What is it that has us take responsibility for that which is not ours? We do it with our children, our spouses, our friends, our employers, and our colleagues. If they are upset, concerned, nervous, disappointed, anxious or depressed, we feel we need to do something about it. Why is that? Why do we make their negative experience our problem?

For years, I felt that it was my job to be responsible for the well being of others. If I wasn’t working hard to help others feel better, then I was a failure. I learned this as a young child growing up with my mother who rarely felt good about herself or her life. As a child, the best strategy I had to get my own needs met was to try and meet hers first. I figured if I could make her feel good, then she would do the same for me by being the way I wanted her to be. This was how I built the inner story that I was responsible for her well-being. As I went through life, I applied this to my family, friends, spouse, and in many work situations. If I could help them do/feel better, I would be a success. And of course, this is reinforced by our social structure and expectations that this is what you do if you are being a good parent, child, friend, sibling, employee, etc.

By expecting this of myself, I expected the same from others which set me up for constant disappointment. The unspoken agreement was ‘If I’m being responsible for their wellbeing, they should be responsible for mine’. And every time that was not the case, I felt betrayed. At work, I did everything I could to make the company look good and succeed, yet I was devastated when they decided to go in a new direction and let me go. In my relationships, I would give ‘too much’ to others and then feel resentful and unimportant when they didn’t reciprocate in equal measure; All of this scorekeeping simply because my responsibility was misplaced.

What I’m finally learning and putting into practice is the idea that my well-being is my responsibility – not someone else’s – and that is the same for everyone else. 

When I focus on being fully responsible for my own well-being, I stay tuned into what does and doesn’t feel good to me instead of focusing on what is or isn’t happening with others. By staying tuned in to myself, I’m able to recognize how I’m feeling when I’m not being treated kindly by myself or others. Once I’m aware of what is happening, I can move towards what is best for me and that automatically increases my well-being. That is my job – not someone else’s.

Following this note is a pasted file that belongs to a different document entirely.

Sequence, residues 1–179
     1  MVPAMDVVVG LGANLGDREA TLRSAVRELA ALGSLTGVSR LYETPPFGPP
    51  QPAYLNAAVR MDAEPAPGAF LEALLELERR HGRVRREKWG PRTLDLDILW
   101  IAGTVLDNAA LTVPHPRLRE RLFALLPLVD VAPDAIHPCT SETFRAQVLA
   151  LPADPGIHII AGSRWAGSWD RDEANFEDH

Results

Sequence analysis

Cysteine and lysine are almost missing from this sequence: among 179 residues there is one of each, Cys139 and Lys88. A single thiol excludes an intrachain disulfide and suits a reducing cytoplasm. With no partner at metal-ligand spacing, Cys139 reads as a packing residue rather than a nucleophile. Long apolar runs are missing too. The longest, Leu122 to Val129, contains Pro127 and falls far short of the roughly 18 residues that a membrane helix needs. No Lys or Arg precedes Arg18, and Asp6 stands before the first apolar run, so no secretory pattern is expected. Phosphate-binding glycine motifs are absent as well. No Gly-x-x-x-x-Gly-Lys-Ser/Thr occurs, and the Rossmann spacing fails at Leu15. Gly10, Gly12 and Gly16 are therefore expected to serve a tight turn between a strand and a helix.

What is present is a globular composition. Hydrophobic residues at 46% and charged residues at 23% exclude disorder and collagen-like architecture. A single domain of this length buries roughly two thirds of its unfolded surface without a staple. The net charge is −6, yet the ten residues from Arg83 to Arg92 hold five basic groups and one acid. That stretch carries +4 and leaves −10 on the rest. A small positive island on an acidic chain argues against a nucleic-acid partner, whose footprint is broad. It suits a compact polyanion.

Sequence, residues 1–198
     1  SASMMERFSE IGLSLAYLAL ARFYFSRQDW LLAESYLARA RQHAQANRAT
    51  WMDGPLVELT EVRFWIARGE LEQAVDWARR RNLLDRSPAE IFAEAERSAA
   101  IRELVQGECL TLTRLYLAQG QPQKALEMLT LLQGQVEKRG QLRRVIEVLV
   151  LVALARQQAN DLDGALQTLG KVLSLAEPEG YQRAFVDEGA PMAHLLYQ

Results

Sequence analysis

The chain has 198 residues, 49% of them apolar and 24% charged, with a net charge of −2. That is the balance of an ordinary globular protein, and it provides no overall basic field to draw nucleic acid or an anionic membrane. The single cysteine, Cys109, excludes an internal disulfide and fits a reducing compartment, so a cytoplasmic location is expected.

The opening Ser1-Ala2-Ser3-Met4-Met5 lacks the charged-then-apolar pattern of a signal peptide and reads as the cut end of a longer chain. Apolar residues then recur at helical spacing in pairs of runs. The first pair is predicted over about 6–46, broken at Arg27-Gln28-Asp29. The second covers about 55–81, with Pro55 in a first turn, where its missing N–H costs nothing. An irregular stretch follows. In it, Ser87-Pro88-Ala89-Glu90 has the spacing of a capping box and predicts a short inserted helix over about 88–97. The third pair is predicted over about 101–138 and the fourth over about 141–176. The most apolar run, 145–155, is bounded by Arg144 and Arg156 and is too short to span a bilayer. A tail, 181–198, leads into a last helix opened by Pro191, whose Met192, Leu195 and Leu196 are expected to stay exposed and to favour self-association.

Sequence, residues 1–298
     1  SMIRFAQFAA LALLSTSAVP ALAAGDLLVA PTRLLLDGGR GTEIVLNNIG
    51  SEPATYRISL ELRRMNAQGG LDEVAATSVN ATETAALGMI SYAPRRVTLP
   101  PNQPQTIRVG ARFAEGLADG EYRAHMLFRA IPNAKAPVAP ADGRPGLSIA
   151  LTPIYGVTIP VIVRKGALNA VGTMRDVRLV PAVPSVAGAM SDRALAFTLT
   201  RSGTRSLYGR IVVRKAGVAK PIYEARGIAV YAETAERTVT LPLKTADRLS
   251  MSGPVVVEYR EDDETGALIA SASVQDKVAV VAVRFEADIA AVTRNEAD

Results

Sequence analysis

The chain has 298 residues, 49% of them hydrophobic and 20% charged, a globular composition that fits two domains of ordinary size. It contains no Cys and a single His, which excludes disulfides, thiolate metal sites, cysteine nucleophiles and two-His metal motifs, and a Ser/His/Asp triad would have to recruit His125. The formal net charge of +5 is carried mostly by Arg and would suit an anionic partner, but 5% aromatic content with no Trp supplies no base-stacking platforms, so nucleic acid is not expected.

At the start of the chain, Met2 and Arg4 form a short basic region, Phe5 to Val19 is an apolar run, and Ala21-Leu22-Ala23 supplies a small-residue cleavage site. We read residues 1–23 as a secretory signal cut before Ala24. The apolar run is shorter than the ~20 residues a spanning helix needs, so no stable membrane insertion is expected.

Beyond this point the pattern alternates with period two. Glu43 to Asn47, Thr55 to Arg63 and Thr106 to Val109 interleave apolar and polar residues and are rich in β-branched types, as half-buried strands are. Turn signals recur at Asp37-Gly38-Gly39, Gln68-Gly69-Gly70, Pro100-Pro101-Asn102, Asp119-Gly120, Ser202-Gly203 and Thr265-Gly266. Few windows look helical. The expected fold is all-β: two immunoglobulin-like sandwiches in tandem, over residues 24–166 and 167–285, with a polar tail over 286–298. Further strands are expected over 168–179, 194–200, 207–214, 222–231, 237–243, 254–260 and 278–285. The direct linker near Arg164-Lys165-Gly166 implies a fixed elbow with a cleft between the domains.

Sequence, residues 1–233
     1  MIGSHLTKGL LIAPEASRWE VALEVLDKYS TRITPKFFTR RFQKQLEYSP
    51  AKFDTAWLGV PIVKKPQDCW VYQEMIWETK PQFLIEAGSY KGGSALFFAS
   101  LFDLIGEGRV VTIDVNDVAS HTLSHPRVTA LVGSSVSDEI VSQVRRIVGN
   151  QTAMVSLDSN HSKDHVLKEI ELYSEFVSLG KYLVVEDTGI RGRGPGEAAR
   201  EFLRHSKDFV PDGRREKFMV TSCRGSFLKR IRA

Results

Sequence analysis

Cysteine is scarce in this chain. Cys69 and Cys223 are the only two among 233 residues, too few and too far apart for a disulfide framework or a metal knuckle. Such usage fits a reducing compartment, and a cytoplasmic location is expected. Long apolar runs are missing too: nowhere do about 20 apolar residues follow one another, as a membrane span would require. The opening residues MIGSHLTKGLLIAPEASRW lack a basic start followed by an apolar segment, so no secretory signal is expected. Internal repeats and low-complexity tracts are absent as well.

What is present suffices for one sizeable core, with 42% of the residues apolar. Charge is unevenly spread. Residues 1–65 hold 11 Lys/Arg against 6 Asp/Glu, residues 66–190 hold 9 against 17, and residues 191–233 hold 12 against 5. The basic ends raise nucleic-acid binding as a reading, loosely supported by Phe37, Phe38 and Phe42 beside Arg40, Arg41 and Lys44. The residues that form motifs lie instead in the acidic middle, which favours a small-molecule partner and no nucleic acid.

Now that my attention is focused on what I do have control over, I can relax and allow others to do the same.

I have a very different response now when others are not being responsible for themselves, or are asking me to make them feel better about the choices they have made. Instead of trying to solve the problem to make them feel better, I now stand with them to observe and recognize what they are experiencing, and from that place, support them to make a choice that will increase their own well-being. Now, when I want someone else to make me feel better, instead of assuming they have what I need, I can let them know what I am experiencing, what I am doing to take care of my own well-being and say yes to support that feels best to me. Now that my attention is focused on what I do have control over, I can relax and allow others to do the same.

How will you take back responsibility for your own well-being?


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Wendy Watson-Hallowell | The Belief Coach
WENDY is passionate about enabling individuals, organizations and communities to value themselves and each other in the ongoing process of change. Wendy has guided hundreds of individuals and over 750+ public and private sector organizations to achieve tangible increases in impact and performance. Her successful practice in mentoring and coaching has led to authorship of the book, ‘Live a Life You Love and Make a Living Doing It’. Over the last 30 years, Wendy’s skills have been honed in leadership roles at MTV Networks, The Rensselaerville Institute, and a variety of community based projects in her town. In 2015 she launched BeliefWorks and offers Belief Coaching as a way to address the root cause of what limits the results we can achieve both personally and professionally. This is an 'upstream' solution to change. Instead of changing limiting behavior, she focuses on changing the limiting beliefs that drive that behavior. In all cases, her clients and partners speak to the specific increases in achievement that her consulting, coaching and partnership roles make possible.
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Kat O'Keefe-Kanavos

Windy what a great article in which yo made many insightful points. The only one responsible for our happiness is ourselves. We cannot take on the responsibility of happiness for others any more than we can take on eating for them. In the end, it is all on us.

Anonymous
Anonymous

Thanks for the comments Kat. Yes, it’s back on us every time. The good news is that gives us our choices back, regardless of what others are up to.

Maria Lehtman

Great post and topic, Wendy! It is difficult to balance the feeling of responsibility vs. others around you that drain on energy when we need it. We can gradually shift that balance, but it takes time and effort. Instead of making new year promises I try to live with a ‘health-first’ ideology. It is far from easy. Intuition is the best guide in that :).

Maureen Y. Nowicki

Happiness is a one-person job, I truly believe Wendy. You have really made that come alive in your article. Your comment about standing and observing or holding the space and supporting others to find solutions for themselves, is something I am currently working on to take more fully in my own life. This sometimes is not easy, but is the most empowering and liberating solution for all of us. Thank you for your article.